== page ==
Preparing Your House for Sale—to Paint or Not to Paint?

Putting your house on the market is a traumatic time. As well as the upheaval and cutting of sentimental ties, there is a lot of work to do to make your property look its best and achieve the highest possible sale price. One of the questions many people ask is "is it worth painting my house when selling?" Painting can be an expensive job, so you need to be sure it is an investment and will increase the value enough to recoup that outlay. Here are some points to consider when deciding.

How Shabby Is the Current Paint?

When you have been living somewhere for a while, it is hard to see it with fresh eyes. Washing down the walls outside and giving interior walls a good wipe will give you a better picture of their condition. Even if there is no obvious peeling, sunlight might have faded some areas and stains from cooking or smoking can be very difficult to remove. Unless you have painted within the last 2 years, a fresh coat is likely to make a dramatic difference.

Exterior, Interior or Both?

First impressions are important and the exterior of the house can sway a potential purchaser immediately. Even if the current paint is relatively recent, this is a good opportunity to update the look of the house with a contemporary colour scheme, or, if you have a traditional property, highlight any features with a tasteful two-tone effect. Equally, if the inside of the house is painted in dark colours, or in a way that strongly reflects your own taste, you might wish to consider repainting in pale neutral tones throughout. As well as making the house look lighter, it gives interested parties a chance to see the potential for their style ideas.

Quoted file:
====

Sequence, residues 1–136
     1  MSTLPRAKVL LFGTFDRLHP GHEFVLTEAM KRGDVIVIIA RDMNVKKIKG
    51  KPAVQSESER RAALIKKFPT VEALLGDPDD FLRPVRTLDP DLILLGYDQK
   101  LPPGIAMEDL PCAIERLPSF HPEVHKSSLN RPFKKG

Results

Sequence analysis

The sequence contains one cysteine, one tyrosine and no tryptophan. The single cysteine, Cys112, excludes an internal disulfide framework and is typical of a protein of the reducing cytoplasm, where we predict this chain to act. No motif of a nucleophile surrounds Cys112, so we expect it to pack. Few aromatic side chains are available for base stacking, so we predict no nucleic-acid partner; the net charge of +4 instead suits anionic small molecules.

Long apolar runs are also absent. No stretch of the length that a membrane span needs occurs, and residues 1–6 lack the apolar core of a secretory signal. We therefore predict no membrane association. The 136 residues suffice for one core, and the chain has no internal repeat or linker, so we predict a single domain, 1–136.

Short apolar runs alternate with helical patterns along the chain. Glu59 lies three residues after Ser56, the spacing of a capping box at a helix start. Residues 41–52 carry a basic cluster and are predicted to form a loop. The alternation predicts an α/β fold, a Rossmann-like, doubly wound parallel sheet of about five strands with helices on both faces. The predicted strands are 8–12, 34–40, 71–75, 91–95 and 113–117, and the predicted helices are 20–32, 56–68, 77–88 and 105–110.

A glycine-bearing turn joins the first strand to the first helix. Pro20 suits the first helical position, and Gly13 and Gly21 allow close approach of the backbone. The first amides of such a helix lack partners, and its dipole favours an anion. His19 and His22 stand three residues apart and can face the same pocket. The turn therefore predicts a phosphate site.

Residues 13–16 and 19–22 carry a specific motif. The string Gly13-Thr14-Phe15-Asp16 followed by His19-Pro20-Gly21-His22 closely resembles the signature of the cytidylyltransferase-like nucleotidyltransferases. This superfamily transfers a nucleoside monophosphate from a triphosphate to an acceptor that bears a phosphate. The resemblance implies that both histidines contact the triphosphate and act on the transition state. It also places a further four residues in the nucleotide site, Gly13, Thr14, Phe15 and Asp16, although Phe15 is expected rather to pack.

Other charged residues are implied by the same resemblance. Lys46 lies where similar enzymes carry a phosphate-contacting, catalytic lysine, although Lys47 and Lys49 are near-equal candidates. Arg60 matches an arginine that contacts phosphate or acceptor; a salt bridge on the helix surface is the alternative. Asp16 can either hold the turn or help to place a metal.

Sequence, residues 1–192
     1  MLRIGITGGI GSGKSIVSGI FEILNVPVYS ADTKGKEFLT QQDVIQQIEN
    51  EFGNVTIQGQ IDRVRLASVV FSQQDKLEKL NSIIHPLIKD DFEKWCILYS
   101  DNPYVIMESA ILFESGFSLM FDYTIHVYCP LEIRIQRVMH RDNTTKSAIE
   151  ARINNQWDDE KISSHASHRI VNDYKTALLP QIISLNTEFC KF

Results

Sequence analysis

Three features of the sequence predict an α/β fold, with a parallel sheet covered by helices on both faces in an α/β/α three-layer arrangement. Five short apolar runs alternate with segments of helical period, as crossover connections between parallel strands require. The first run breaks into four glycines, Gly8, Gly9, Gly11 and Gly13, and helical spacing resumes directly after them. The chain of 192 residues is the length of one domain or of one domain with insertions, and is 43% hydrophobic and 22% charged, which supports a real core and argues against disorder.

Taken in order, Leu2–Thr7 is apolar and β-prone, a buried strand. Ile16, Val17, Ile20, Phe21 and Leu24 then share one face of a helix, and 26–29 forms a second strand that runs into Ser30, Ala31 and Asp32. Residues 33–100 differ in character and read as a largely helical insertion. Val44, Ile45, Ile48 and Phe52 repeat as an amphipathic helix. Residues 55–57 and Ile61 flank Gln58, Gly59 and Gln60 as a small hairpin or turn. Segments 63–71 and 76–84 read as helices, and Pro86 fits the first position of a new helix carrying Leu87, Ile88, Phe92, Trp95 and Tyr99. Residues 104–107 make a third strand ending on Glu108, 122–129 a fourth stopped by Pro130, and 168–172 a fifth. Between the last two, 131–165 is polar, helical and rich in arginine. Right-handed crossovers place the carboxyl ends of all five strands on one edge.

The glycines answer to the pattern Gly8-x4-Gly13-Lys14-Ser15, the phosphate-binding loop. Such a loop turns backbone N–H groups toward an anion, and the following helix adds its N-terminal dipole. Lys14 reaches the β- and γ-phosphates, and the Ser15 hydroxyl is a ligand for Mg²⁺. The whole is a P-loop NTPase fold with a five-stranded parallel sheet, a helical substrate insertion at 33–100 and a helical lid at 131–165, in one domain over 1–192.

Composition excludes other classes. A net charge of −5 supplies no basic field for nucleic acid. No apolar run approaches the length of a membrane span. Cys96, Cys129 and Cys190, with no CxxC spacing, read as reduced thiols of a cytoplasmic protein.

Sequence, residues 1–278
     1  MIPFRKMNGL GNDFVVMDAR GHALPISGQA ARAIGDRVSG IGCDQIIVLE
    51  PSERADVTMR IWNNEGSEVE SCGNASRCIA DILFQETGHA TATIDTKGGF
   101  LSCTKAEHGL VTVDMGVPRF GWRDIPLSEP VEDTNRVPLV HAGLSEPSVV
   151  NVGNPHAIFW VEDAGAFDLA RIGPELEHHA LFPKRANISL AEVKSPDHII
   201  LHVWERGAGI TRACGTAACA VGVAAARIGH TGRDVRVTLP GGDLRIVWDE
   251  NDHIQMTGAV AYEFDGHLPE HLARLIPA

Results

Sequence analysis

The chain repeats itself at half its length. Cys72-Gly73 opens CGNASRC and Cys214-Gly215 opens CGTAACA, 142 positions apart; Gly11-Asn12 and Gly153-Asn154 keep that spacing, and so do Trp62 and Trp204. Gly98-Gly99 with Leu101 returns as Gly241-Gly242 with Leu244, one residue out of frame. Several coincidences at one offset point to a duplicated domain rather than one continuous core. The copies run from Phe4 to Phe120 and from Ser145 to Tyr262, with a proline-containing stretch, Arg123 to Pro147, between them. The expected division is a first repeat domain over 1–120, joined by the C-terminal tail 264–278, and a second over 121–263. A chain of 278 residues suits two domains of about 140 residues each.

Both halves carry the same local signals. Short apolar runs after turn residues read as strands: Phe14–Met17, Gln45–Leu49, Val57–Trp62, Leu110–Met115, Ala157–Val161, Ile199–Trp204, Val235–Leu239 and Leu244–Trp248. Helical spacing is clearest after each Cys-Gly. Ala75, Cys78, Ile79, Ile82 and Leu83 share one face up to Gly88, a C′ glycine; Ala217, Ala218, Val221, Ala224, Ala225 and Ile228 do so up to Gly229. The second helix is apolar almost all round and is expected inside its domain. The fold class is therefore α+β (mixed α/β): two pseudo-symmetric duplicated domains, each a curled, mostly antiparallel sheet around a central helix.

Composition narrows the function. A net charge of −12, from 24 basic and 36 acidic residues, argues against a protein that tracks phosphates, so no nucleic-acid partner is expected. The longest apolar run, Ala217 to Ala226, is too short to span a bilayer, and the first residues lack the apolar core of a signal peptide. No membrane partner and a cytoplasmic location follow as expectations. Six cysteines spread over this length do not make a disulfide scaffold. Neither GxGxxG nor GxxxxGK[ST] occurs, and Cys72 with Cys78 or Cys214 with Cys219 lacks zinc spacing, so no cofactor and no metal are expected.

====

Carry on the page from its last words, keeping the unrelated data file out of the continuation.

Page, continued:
Painting the Whole House or Sections?

It will be cheaper if you can just paint certain sections of the house, so if whole rooms are looking respectable already, it should be fine to leave them as they are. Be wary, however, of painting just one wall in a room, or only some door frames and not others. The contrast between the old paint and the new can make the original look much worse than before. Partial areas of fresh paint also look suspicious to buyers, who are likely to ask themselves what you are hiding—is there perhaps mould or damp in those places?

Can I Find a Reliable Painter?

If you do decide to paint, you will need to find a painting company you can trust. Even if a friend or your estate agent can recommend one, be sure to ask for quotes from a couple more for comparison. Commercial painters (such as BlackSilver) will often do residential work too, so if you know a good one, don't be afraid to ask them if they would consider the job.

One last tip to remember—the painting will need to be completed not just for the open inspections, but for the brochure photos too, so allow plenty of time!